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What Parents Should Know About HPV Vaccine Safety and Effectiveness

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This information sheet reassures parents of the safety and efficacy of the human papillomavirus (HPV) to prevent young people from contracting HPV infection. It explains that the vaccine prevents HPV, which can cause cancer in men and women. It emphasizes that the two available HPV vaccines are safe, are recommended by CDC, were met US Food and Drug Administration safety requirements they were approved, and continue to be monitored. It explains that data show that the vaccines work well and provide long-lasting protection and reminds parents that it is also recommended for boys.

HPV Also Known as Human Papillomavirus

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This information sheet for parents discusses the need for the human papillomavirus (HPV) vaccine to protect their children from HPV infection. It explains that HPV can cause anal and oropharyngeal cancers in both women and men; cancers of the cervix, vulva, and vagina in women; and cancer of the penis in men. The information sheet notes that the virus is transmitted during sexual contact and reminds parents that the vaccine is recommended for preteen girls and boys ages 11 or 12 and can be given to older youth who have not been vaccinated.

La Vacuna HPV Para Preadolescentes y Adolescentes

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This information sheet discusses the need to vaccinate adolescents and preteens to prevent human papillomavirus (HPV) infection which can cause cervical cancer in females and genital warts and anal cancer in both females and males.

HPV Vaccine for Preteens and Teens

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This information sheet discusses the need to vaccinate adolescents and preteens to prevent human papillomavirus (HPV) infection which can cause cervical cancer in females and genital warts and anal cancer in both females and males.

Vaccine Safety: Frequently Asked Questions About HPV Vaccine Safety

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This information sheet responds to questions about HPV vaccine safety. It discusses whether the vaccines are safe’ what vaccines are available in the United States; how the vaccines are monitored and evaluated in the United States; what is an adverse event and were any adverse events reported with HPV vaccines; whether HPV vaccines cause ovarian failure; is fainting or pain associated with the vaccines; whether the FDA and CDC have changed any recommendations about HPV based on safety monitoring, and where an individual can find more information about HPV vaccines.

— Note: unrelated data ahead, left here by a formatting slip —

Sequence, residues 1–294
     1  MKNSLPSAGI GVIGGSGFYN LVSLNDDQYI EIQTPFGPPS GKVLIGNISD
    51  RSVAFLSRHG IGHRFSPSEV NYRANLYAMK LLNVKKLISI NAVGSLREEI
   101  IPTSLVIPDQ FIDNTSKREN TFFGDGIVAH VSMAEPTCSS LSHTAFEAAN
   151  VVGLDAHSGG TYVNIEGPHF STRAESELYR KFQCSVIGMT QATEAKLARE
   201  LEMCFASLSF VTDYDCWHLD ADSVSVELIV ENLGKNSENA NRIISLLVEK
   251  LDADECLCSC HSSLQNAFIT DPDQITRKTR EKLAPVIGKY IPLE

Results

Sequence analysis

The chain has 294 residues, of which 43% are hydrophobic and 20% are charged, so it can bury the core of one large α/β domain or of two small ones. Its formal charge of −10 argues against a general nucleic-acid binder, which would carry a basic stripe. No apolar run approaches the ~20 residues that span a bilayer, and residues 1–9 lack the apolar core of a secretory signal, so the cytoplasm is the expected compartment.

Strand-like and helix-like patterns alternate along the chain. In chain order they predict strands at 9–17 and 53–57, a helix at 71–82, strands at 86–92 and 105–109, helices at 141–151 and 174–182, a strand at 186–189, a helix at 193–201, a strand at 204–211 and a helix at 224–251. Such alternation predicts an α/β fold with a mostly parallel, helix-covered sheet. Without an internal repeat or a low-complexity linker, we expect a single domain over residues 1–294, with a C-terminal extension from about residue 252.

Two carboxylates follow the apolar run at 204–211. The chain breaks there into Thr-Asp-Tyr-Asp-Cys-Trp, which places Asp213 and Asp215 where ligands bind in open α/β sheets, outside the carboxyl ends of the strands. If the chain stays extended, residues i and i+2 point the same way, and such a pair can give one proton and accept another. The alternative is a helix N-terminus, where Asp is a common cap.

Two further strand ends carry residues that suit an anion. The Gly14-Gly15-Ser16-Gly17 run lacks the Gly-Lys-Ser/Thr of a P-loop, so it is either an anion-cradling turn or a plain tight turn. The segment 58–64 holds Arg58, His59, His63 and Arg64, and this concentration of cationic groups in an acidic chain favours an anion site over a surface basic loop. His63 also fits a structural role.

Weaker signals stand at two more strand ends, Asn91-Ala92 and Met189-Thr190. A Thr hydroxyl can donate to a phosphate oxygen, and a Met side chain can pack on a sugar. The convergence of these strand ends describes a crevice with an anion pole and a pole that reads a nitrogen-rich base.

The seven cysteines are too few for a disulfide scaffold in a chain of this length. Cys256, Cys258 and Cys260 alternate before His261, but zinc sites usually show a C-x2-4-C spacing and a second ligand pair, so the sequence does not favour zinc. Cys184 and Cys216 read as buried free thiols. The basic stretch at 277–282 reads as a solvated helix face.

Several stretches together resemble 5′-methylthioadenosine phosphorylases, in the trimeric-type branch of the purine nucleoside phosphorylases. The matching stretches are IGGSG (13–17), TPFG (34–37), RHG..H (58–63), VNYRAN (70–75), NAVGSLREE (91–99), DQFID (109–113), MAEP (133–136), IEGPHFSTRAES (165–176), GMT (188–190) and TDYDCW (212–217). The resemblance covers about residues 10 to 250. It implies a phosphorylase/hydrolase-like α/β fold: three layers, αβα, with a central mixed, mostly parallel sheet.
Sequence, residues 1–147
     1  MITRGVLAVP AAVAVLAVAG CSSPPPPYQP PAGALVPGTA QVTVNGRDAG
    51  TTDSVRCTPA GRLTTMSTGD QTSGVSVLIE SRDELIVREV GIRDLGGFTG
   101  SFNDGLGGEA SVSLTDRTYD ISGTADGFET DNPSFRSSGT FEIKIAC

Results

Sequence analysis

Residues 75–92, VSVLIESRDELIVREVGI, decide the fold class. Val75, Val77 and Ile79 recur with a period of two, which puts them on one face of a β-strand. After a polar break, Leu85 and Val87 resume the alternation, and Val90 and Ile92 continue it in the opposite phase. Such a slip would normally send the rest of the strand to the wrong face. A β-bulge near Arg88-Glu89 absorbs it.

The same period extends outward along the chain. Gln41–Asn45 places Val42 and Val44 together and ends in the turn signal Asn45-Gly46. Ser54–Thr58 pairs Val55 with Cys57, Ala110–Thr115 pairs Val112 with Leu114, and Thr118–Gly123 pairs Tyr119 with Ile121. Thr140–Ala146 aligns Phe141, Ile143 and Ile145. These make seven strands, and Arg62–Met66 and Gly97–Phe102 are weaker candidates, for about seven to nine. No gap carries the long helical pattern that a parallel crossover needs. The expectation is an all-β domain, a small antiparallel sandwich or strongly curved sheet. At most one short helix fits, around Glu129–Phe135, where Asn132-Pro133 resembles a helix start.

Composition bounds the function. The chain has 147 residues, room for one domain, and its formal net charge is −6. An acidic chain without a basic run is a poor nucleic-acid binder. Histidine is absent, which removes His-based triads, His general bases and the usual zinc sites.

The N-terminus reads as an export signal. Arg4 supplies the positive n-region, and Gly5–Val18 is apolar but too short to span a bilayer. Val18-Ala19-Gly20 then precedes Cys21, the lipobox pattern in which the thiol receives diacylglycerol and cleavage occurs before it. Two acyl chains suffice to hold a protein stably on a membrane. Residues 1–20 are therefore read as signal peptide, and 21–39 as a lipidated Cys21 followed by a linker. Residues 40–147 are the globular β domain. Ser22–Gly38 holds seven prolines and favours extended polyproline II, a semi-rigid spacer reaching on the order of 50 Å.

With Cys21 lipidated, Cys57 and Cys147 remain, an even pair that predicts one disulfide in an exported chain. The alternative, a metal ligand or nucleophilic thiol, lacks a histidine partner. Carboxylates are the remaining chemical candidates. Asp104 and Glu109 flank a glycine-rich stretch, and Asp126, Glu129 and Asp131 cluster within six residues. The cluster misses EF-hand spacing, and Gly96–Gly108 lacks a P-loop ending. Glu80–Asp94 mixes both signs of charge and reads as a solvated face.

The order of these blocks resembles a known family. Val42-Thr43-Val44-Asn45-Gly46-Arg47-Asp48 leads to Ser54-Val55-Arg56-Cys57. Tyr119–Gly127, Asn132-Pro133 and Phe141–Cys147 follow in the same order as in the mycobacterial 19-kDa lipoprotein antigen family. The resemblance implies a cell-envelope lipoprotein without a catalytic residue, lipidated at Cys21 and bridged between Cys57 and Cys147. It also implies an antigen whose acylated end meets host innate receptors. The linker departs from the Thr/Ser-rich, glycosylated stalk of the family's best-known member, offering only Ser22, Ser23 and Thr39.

Herpes Genital - Hoja Informativa de los CDC

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This information sheet discusses genital herpes, the STD caused by the herpes simplex viruses type 1 (HSV-1) and type 2 (HSV-2). It lists symptoms; diagnosis and transmission methods, including perinatal transmission; complications of genital herpes; the effect on pregnant women and their infants; prevention measures; and the treatment to shorten or suppress outbreaks, since there is no cure for herpes. Contact information is provided for accessing the services of national health organizations.

Gonorrea: Hoja Informativa de los CDC

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This information sheet discusses gonorrhea, a common STD that can cause infections in the genitals, rectum, and throat. Topics include transmission, prevention, risk, symptoms, testing and treatment. The sheet also discusses complications if the disease is left untreated and its effect on a pregnant woman and her baby.

Gonorrhea - CDC Fact Sheet

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This information sheet discusses gonorrhea, a common STD that can cause infections in the genitals, rectum, and throat. Topics include transmission, prevention, risk, symptoms, testing and treatment. The sheet also discusses complications if the disease is left untreated and its effect on a pregnant woman and her baby.

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